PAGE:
Senate races

Senate races

Reid defiant in the face of possible defeat

LAS VEGAS — Despite trailing in the polls going into Tuesday's vote, Harry Reid struck a defiant tone at a his final campaign rally that featured first lady Michelle Obama. 

"I have fought for Nevada my whole life, but you know, I'm not finished fighting," he told a crowd of about 2,000 packed into a high school gymnasium on the city’s north side.

Reid said early voting, which has seen Democrats accumulate a 6,600-vote lead in early counting, "was very good," but urged his supporters to bring friends and family to the polls. "We're heading into that final round, it's right before us," Reid said. "Let’s take no chances.”

Reid's speech was periodically interrupted by chants of "Harry, Harry, Harry," which prompted a bemused smile from the Senate's top Democrat.

Dubbed "the closer" for her ability to win over reticent voters, this was Obama's second campaign visit for Reid this cycle. She told the crowd he was instrumental in helping pass her husband's legislative agenda.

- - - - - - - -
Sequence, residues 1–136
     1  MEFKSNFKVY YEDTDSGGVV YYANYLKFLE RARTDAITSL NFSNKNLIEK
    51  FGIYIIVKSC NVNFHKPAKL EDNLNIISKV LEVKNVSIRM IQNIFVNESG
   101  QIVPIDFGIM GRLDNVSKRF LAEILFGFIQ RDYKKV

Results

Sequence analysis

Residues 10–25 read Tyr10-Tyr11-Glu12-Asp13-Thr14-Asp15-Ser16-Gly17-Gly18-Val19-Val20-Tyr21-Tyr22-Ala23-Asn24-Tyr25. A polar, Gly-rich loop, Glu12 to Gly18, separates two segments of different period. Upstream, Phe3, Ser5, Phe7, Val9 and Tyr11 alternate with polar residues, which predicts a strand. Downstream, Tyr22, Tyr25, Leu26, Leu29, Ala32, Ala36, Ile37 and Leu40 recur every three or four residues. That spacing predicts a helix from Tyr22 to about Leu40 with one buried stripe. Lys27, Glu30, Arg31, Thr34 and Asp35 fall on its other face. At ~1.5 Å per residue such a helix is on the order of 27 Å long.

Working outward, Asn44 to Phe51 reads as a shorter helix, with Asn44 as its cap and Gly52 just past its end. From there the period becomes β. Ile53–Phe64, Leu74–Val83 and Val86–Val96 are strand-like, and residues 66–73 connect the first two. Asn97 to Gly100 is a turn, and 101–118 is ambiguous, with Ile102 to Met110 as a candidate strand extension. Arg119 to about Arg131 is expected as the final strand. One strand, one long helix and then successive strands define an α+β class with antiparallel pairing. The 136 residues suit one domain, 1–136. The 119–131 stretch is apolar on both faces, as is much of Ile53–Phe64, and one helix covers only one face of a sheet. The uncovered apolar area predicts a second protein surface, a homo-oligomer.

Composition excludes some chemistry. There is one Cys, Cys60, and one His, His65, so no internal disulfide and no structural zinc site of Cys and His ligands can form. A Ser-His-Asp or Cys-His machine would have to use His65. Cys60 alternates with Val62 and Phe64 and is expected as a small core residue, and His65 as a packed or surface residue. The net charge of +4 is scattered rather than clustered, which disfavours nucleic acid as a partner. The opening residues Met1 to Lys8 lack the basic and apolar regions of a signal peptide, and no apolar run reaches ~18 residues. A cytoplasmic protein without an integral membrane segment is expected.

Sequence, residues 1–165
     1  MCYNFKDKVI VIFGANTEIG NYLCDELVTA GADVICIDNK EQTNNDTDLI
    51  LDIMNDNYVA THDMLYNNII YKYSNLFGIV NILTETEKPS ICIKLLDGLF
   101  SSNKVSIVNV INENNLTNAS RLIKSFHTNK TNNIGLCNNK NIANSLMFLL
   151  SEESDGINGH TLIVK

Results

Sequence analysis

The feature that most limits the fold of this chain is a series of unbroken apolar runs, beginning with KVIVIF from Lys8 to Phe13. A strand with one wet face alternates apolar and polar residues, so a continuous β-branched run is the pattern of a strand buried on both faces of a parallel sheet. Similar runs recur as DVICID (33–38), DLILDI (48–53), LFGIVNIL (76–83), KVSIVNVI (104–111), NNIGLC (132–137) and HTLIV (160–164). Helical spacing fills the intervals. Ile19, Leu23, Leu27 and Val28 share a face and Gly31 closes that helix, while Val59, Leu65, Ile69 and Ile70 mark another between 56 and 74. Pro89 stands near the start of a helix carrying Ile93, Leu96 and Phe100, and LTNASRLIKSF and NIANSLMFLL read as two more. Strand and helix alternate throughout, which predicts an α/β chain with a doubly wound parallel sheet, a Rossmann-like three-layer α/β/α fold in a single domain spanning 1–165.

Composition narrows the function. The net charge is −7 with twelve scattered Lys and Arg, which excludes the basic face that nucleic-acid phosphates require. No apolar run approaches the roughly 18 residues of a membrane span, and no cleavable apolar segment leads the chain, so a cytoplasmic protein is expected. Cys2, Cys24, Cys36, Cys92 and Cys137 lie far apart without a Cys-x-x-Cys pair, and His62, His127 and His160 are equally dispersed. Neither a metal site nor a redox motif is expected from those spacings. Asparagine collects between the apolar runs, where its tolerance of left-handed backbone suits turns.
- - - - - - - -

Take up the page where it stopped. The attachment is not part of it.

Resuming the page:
"This election isn't just about all that we've accomplished these last couple years," she said. "This election is about all that we have left to do.

"My husband can’t do this alone," she added. "He needs leaders like Harry Reid."

It was Reid's only public event on the final day before the pivotal midterm election vote. His opponent, Republican Sharron Angle, did not have a public schedule. She has been increasingly wary of the press, which has had to rely on tips from the public in order to find her. Her most recent interview was with local television reporters who tried to corner her coming out of Las Vegas's McCarran International Airport.